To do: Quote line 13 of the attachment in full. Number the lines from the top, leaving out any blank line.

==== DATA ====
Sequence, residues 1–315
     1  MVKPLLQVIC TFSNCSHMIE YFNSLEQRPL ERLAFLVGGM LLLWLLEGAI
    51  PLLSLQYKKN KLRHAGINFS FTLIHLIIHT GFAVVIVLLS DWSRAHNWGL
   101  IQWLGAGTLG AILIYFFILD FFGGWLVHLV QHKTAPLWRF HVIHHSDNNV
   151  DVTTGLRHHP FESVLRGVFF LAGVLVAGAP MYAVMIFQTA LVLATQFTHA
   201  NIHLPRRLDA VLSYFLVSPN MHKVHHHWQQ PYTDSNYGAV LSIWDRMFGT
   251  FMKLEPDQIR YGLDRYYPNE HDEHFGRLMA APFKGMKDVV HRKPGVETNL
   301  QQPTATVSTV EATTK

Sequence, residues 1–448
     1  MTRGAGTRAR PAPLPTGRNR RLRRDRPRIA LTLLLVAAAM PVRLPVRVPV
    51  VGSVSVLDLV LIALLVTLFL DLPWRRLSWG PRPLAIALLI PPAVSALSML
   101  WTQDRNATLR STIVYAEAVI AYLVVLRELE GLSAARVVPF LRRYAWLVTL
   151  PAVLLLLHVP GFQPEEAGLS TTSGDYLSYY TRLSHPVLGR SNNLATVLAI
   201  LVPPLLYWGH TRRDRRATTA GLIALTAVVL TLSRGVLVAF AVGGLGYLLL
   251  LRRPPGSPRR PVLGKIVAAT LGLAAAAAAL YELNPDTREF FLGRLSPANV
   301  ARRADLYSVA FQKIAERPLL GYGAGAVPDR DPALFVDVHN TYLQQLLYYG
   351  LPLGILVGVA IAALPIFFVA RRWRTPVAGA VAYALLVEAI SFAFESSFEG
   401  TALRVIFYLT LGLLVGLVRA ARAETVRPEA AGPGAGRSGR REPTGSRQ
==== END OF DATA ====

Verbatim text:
   151  PAVLLLLHVP GFQPEEAGLS TTSGDYLSYY TRLSHPVLGR SNNLATVLAI